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A buyer persona is a semi-fictional representation of an ideal customer for a product or service based on market research and data garnered from real, existing customers. Think of a persona as your buyer’s character profile and backstory.

Personas are most useful when they focus on behavior patterns, motivations, lifestyle, and goals. The more detailed, the better. Buyer personas take into account the situation and role of the buyer and the jobs they are trying to do as they move through their journey.

Once a persona is defined, you can then add demographics or firmographics to round out the profile. A thirty-something newly divorced mom who recently moved to a smaller place and is looking to buy the basic household necessities quickly without spending too much, and who cares more about immediate functionality than long-term value, is an example of a buyer persona.

Types of Personas

It’s important to recognize that there are different types of personas. Especially in the B2B context, keep in mind that a user is not necessarily the same as a buyer. Each has motivators, emotions, jobs-to-be-done (JTBD), desired outcomes, and success measures; therefore, separate personas may be needed. In a nutshell, a buyer persona describes who the buyer is and how that affects his/her decision making in the buyer’s journey.

A user persona focuses on what the user of the product or service does or expects to be able to do when s/he uses your product and is often based on user experience data gathered by watching the user interact with the product. User personas can be especially valuable in creating user guides and documentation, and in product design. And don’t dismiss user documentation as a non-marketing form of content. Every interaction with the customer (buyer or user) contributes to getting a job done and getting your company a loyal, lifelong advocate and customer.

When using personas, we often construct “user stories.” These stories are just a way of articulating the user JTBD, and typically follow the format:

As a {user persona} I want to {goal/JTBD} so that {benefit/outcome}

Example: “As a commuter, I want something substantial and engaging but convenient and non-messy to drink on my way to work, so that I can stay alert during the commute and stave off hunger until my lunch break.”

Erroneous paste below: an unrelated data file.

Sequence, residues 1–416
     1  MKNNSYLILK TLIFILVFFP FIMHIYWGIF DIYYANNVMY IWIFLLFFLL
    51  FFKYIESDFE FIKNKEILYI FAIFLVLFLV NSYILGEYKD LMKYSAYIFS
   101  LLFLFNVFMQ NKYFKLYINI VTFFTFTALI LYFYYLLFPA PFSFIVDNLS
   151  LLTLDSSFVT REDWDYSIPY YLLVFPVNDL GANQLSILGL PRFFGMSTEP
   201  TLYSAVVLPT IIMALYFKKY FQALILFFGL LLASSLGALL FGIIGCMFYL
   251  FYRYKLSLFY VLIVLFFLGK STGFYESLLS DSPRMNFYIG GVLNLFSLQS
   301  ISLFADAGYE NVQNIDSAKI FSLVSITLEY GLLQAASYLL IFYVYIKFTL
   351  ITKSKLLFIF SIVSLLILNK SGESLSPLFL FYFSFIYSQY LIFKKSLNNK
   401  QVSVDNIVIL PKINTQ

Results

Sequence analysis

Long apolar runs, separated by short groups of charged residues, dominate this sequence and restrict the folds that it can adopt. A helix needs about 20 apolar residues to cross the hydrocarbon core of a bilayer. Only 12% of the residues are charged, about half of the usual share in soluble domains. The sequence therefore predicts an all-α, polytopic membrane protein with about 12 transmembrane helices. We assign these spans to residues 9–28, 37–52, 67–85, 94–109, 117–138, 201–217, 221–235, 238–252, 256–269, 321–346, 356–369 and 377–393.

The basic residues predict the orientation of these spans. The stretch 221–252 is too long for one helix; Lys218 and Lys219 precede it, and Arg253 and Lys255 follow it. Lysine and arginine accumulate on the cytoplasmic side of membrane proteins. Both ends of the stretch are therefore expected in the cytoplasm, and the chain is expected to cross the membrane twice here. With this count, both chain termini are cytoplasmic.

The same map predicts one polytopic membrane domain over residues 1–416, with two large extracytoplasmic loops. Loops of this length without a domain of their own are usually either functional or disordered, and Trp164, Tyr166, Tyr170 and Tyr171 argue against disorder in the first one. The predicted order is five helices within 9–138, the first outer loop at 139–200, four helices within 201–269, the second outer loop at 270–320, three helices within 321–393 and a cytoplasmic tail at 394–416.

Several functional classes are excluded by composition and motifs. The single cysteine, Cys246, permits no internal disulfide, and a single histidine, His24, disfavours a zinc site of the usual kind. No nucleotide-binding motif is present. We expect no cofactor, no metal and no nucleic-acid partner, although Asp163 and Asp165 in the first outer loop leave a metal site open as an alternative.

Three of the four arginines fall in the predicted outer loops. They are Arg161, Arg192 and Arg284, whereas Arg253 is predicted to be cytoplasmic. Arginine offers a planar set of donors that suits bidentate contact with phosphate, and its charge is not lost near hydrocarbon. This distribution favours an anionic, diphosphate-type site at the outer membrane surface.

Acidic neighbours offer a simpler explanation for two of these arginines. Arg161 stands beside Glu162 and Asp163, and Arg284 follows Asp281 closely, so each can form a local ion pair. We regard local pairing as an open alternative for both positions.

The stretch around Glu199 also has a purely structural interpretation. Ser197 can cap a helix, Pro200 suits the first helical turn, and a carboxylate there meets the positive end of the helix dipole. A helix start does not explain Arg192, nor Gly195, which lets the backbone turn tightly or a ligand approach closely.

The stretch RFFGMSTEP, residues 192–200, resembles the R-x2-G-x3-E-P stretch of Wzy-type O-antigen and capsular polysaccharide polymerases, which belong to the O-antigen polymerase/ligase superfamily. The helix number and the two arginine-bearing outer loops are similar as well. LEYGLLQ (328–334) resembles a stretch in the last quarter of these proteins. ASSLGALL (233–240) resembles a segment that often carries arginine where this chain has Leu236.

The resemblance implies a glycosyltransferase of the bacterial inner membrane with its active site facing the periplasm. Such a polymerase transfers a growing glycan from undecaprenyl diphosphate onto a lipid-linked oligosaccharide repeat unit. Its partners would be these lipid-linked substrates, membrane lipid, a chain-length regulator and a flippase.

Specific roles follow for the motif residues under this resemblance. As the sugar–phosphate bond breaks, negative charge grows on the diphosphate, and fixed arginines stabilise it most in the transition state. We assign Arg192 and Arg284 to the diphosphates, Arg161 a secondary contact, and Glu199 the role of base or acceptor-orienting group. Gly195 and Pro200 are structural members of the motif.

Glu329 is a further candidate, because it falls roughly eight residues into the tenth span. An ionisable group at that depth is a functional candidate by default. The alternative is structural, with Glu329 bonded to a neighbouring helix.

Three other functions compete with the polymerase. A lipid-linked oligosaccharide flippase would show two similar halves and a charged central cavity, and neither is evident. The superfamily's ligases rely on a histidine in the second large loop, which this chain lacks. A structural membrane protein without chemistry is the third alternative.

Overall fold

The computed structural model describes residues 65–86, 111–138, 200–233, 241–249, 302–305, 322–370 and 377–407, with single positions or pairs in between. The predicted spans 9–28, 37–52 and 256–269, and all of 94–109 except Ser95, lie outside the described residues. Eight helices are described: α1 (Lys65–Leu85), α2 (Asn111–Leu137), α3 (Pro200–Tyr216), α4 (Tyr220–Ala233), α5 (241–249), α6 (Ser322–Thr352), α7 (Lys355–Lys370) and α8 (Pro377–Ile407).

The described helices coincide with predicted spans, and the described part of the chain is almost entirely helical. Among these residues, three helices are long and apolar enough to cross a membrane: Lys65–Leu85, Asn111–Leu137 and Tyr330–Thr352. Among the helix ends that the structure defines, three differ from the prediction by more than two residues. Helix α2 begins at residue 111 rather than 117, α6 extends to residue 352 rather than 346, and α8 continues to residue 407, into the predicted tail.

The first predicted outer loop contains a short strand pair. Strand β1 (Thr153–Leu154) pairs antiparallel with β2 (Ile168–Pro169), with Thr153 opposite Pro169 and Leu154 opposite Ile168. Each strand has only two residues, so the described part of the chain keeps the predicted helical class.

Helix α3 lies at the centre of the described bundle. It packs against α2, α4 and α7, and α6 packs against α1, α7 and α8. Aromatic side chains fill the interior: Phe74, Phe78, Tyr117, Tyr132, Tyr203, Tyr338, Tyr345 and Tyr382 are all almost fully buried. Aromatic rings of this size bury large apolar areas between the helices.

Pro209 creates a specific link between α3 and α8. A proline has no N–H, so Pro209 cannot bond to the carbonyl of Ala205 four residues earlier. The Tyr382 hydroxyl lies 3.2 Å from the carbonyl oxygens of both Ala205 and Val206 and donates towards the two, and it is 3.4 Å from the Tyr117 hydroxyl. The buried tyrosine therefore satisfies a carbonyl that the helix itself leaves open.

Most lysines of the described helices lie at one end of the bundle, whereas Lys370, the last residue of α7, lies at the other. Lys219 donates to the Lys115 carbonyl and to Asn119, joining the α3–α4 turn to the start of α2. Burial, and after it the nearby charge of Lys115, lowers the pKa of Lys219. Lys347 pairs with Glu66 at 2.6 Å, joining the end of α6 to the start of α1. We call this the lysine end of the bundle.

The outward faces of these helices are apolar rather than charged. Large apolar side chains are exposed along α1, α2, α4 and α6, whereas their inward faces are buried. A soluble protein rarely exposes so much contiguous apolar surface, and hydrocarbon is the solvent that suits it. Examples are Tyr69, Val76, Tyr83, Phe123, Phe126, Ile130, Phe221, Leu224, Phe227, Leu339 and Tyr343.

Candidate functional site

Steps to Creating Personas

  1. Segment your market. Be sure your segments are outcome-based as described above, and that you have ranked them as targets by priority. You’ll want to follow each of the subsequent steps for each segment/outcome you are targeting. 
  2. Identify persona type and goals. Are you creating a user persona or a buyer persona? Your answer to this question is a prescription for data points and corresponding story details.
  3. Analyze research data. Analyze the research data, with particular attention to personal details and verbatim responses from customer research subjects. Note any preferences, behavior patterns, motivations, fears, and so on associated with segments and particular jobs-to-be-done and job outcomes (using the outcome-driven innovation (ODI) process). You’ll use these details to add context and descriptive content to your persona characterizations.
  4. Draft JTBD-based user stories. Use the format described earlier in this chapter. Make this story “synopsis” the foundation for your persona.
  5. Create your persona stories and scenarios. Once you’ve outlined the key information per the table above, your next step is to write the persona profiles. Remember to cast the descriptions as stories – that is, use long-form narrative or detailed bullet points to produce a vivid and true-to-life narrative.
  6. Develop the persona tool, and educate users and stakeholders. This step is often overlooked. If you expect your organization to use and derive benefit from your personas, you’ll need to make it easy for team members to get to know the personas.
  7. Review, evaluate, and refine. Incorporate a review, evaluation, and refinement process into your overall content marketing plan. Like any other marketing initiatives, your personas deserve to be kept current and valid.
Personas | Marketing Strategy | Consentric Marketing